A mail survey was used to establish the current practice of relationship marketing in the health and fitness industry in Ireland. The Institute of Leisure and Amenity Management (ILAM) Ireland, the national governing body of leisure managers in Ireland, provided a mailing list of suitable participants based on the specific target markets including a range of small, medium and large health and fitness centres. This included contact names, addresses and telephone numbers of participants at senior management level. Because of the detailed and confidential nature of the survey, mail was addressed only to senior management.
A pilot survey was undertaken prior to distribution to ascertain any difficulties respondents may have with the completion of the survey. Ten health and fitness centres were asked to complete and return the survey in the enclosed stamped addressed envelope and valuable feedback was received. The survey was amended accordingly, typeset, photocopied and distributed to 210 companies throughout the country. A 39 per cent response was achieved.
The survey data for this study (n = 82) were thus collected from senior managers from a variety of health/fitness centres. Fifty-nine per cent of respondents were from private gyms, 6 per cent were leisure centres, 3 per cent were community/corporation centres, while hotel leisure centres and sports centres each accounted for 10 per cent. Twelve per cent were classified as other, which included leisure-related activities in community halls.
Findings and Discussion
While the data in this study provided much insight into the general nature and dynamics of relationship marketing in the health and fitness industry, the focus of attention in this paper is largely on customer retention practices and strategies. (Note that in the discussion percentages add to more than 100 in a number of instances where respondents indicated a multiple choice.)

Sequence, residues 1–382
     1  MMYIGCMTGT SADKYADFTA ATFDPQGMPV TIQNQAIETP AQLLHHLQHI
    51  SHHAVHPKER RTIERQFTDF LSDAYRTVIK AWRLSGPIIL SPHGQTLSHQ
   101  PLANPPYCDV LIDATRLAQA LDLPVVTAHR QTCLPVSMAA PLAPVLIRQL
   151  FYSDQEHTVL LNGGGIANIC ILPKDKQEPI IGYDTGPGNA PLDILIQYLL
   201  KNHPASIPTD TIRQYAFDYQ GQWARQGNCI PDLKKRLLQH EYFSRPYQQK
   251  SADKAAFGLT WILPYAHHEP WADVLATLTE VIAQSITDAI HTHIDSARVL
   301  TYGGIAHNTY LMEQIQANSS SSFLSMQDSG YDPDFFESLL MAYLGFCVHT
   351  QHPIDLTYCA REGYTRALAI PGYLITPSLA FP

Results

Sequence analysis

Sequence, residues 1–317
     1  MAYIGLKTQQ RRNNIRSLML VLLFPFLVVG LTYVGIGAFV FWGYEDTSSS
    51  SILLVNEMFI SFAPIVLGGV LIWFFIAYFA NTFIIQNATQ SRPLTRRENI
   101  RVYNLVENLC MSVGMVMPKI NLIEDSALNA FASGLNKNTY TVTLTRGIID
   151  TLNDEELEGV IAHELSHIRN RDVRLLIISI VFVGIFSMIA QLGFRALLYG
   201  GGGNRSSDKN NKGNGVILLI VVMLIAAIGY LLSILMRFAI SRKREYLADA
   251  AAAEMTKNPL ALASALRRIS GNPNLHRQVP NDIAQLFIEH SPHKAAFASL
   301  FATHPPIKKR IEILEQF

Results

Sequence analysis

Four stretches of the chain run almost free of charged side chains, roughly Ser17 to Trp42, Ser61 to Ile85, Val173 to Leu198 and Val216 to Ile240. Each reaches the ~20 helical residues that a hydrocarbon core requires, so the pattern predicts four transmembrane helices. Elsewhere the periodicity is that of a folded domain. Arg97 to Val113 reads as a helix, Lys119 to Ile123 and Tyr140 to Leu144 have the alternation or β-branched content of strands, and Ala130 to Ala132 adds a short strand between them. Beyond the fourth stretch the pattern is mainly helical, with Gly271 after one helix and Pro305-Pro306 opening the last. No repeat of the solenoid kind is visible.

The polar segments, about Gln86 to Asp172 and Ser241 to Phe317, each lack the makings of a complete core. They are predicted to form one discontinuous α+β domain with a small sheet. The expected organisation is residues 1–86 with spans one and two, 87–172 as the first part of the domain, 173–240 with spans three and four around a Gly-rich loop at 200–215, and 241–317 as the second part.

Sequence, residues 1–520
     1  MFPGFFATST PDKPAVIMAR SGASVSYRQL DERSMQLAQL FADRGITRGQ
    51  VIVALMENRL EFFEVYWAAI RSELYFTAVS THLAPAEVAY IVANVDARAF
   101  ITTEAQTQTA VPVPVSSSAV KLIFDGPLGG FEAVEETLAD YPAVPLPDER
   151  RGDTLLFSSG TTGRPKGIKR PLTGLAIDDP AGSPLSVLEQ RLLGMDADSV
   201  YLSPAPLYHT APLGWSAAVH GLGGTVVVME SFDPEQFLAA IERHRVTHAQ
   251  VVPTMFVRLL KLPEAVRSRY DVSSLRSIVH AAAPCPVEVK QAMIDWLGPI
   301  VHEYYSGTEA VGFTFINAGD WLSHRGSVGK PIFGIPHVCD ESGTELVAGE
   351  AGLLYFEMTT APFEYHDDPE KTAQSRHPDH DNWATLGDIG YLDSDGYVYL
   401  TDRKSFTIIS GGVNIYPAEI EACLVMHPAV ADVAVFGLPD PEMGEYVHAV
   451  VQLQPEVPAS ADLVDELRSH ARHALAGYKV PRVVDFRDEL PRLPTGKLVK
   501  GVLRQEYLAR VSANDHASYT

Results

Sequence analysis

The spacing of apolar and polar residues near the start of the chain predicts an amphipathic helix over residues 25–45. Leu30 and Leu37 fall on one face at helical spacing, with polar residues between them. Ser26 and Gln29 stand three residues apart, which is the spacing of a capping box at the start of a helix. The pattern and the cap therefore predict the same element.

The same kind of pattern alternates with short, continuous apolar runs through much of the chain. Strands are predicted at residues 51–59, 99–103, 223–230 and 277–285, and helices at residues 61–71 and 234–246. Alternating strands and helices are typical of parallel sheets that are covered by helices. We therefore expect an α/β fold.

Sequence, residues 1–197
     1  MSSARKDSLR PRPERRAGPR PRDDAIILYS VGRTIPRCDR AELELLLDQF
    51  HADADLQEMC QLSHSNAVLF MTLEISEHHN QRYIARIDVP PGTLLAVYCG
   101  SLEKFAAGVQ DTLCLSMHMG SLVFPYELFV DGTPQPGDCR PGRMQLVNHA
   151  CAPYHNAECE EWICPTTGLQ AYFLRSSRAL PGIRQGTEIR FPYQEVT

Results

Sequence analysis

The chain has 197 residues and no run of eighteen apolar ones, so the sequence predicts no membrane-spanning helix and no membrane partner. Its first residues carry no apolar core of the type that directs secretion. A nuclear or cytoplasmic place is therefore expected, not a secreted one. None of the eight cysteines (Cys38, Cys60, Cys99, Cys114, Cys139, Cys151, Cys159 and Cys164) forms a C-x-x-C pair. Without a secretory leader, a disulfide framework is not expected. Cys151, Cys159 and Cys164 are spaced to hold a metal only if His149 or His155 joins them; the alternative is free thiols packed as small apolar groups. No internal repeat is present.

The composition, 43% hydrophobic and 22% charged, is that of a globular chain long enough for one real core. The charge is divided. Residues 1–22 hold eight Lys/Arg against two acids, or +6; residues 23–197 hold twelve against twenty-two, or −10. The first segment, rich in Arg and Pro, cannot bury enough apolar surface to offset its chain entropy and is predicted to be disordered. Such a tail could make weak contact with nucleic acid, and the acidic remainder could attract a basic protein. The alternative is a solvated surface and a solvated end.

Recruiting New Members
Forty-one per cent of respondents rely on standard methods of recruiting new members such as advertising. Twelve per cent and 9 per cent use leaflets and newsletters respectively, while 12 per cent use direct mail. Supermarket promotions were used least often (7.1 per cent). However, only 27 per cent seek referrals from members with a mere 14 per cent using guest invitations for this purpose. The majority of operators listed word of mouth as their biggest source of member recruitment. The data suggest that senior management have an opportunity to leverage their current membership base as a means of enhancing new member acquisition through the introduction of guest invitations and referral incentive programmes.
Patterns of Use
Developing customer relationships is an integral part of any customer retention strategy. The findings revealed that 66 per cent of members were regular attenders while 34 per cent were non-active. Since non-attending members are less likely to renew membership, the tracking of attendance rates becomes an integral part of any customer retention policy. Thomas (2001) emphasises the link between customer acquisition and customer duration. Only 14 per cent of members in this study were found to stay with the club for at least 3-6 months, while this figure increased to 27 per cent for the 1-2 year membership period. This indicates that the longer a member is retained, the greater the chance of retaining the member in the long term.
Ninety-eight per cent of senior managers identified equipment as the most important factor in distinguishing their business from that of their competitors, while 95 per cent listed classes as distinguishing elements. This is surprising given that most health and fitness centres now offer broadly similar equipment and classes and therefore these homogeneous factors are unlikely to represent a significant means of differentiation. Eighty-one per cent attributed atmosphere and 73 per cent noted staff, while service and facilities were identified by 40 per cent and 51 per cent respectively as key distinguishing factors. The low weighting attributed to service is significant given the substantial contribution it could make to maintaining a sustainable competitive advantage for operators in the future.